Numbering our days . . .

(Written Wednesday, August 25, 2021) . . . Monday, while waiting to take Linnea to school, I read a tweet from Father Thomas McKenzie saying it was his first day of sabbatical and the first order of business was taking his daughter to school in New Mexico. He said they were hoping to make it to Shamrock, Texas the first night. I’d never heard of Shamrock, Texas and went to the trouble to look it up on a map.

When I got home Monday evening I looked at Twitter again and discovered the shocking news that he and his daughter were killed in a car wreck, probably thirty minutes after he posted his tweet. I told Susanne about it and told her I was pretty sure it was my friend Andy’s pastor, which was confirmed the next morning in a Facebook post by Andy’s wife Jill.

I didn’t know Father Thomas. Andy said something once in a Gullahorn Happy Hour (Andy and Jill’s great Facebook and Instagram live concerts) about Father Thomas. He sounded like a fascinating man so I did some Internet sleuthing and found him. And I suspected he was the priest Tish Harrison Warren referred to in her excellent book, Prayer in the Night. That also turned out to be true. I didn’t know him, but I had followed him on Twitter the past few months and always appreciated what he wrote.

It reminded me of another instance eight or nine years ago. I was looking at Facebook on a Friday afternoon and Leah Sams Webb was expressing concern over a car accident near her little town in Kansas and the fear that it was a very bad wreck with lives lost. Twenty-four hours later she herself was dead from a motorcycle accident. I had not seen her in years, but we knew the Sams family well. Our fathers worked together and their family had kids in three of my siblings’ classes. And she was a cousin to my brother’s wife.

Both situations, one involving someone I didn’t know and the other involving someone I hadn’t seen in years but sometimes interacted with on Facebook, were shocking. It’s part of the effect of social media making the world smaller. The actual circumstances have been going on for as long as there’s been life on the planet. One moment someone is here and the next moment they’re gone. I recall my little sister’s shock years ago when she talked by phone with a foreman for the construction company she worked for and minutes after they hung up he was killed in a construction accident. It leaves you disoriented.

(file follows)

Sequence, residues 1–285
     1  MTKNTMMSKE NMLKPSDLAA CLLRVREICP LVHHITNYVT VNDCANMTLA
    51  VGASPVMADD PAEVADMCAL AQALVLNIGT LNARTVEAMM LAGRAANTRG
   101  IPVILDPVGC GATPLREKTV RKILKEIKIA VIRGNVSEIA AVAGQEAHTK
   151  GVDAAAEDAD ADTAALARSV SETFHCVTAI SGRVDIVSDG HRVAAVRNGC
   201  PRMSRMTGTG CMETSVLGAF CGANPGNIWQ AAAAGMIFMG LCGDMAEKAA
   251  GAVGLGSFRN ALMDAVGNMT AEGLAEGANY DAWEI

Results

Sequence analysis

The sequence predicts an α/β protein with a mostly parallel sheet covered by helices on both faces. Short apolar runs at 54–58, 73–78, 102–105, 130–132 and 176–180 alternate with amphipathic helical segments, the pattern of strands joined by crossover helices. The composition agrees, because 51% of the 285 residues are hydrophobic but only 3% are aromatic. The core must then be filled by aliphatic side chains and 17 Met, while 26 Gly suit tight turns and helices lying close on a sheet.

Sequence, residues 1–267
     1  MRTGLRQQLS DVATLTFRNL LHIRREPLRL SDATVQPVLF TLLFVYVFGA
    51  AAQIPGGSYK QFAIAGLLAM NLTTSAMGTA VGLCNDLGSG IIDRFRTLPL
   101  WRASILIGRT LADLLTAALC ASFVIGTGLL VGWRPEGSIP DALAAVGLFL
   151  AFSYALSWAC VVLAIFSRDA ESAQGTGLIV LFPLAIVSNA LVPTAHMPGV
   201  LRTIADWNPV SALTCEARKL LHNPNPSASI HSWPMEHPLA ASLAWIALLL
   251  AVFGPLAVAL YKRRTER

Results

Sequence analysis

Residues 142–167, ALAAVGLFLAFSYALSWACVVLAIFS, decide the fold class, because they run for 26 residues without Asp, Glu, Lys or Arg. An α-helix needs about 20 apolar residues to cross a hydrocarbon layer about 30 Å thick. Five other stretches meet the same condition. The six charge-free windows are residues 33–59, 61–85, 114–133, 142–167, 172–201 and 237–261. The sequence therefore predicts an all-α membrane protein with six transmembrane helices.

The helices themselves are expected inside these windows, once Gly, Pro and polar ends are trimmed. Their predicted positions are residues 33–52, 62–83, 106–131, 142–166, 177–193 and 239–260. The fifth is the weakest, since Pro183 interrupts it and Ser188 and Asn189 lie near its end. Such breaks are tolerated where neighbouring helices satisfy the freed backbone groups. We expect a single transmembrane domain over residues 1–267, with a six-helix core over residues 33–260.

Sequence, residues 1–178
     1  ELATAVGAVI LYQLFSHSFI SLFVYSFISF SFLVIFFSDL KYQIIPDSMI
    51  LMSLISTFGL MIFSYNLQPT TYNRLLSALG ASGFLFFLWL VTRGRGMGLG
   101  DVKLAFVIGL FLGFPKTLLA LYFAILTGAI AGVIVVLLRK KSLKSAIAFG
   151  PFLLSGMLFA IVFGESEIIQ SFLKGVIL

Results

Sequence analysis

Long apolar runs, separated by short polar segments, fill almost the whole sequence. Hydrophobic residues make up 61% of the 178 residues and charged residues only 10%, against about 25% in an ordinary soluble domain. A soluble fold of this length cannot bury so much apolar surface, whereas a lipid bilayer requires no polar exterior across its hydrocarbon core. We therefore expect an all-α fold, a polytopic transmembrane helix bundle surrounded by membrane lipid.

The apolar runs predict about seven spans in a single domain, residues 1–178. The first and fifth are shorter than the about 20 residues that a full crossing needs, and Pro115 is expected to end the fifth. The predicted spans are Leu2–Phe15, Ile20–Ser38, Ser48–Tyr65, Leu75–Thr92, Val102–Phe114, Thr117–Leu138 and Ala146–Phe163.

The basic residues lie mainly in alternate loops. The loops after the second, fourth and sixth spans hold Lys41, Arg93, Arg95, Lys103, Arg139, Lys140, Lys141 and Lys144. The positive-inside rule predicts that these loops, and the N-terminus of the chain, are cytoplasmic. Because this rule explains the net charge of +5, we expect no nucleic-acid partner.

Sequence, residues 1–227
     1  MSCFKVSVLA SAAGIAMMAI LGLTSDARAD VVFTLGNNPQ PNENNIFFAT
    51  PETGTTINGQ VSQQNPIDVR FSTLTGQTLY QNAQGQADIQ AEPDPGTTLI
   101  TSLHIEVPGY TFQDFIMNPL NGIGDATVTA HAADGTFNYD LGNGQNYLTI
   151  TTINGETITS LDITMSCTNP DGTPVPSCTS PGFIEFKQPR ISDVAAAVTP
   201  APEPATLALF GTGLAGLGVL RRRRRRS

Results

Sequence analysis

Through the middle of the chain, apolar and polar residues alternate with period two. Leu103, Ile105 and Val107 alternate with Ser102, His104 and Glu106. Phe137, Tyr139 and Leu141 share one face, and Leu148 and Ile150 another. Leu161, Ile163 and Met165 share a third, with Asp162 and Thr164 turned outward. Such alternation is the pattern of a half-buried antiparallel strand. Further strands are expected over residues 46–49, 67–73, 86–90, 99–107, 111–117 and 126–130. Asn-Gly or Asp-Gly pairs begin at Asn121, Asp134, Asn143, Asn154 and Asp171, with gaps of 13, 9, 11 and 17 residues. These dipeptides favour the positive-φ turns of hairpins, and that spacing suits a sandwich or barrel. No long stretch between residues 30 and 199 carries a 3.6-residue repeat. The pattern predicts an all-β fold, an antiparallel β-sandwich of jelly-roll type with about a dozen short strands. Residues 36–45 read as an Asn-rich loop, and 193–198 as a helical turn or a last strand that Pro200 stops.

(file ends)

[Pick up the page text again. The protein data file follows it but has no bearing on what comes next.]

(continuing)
It’s scary to consider how uncertain life is. Yet trying not to think about life’s uncertainty won’t help us at all. It takes a lot of energy to live in denial and the best you can hope for is a cheap imitation of joy, a sense of joy that you’ll know you created yourself. It takes an ever-increasing amount of energy to sustain a manufactured joy. Maintaining it will require me to live a lie, and I’ll have to work harder and harder at drowning out the voice that shouts “this isn’t real!”

Psalm 90:12 says, “Teach us to number our days, that we may gain a heart of wisdom.” Eugene Peterson translates it in The Message as, “Oh! Teach us to live well! Teach us to live wisely and well!” In a note about this Psalm Peterson says, “Death isn’t a popular subject. We live in a society characterized by the denial of death. This is unusual, because most people who have lived on this earth have given a great deal of attention to death. In fact, in every century except our own, preparing for a good death has been a goal of life. For millions of Christians throughout the centuries, Psalm 90 has been part of that preparation. We will learn to live well when we learn to live wisely. And we will learn to live wisely when we learn to realize that our days here on earth are numbered.”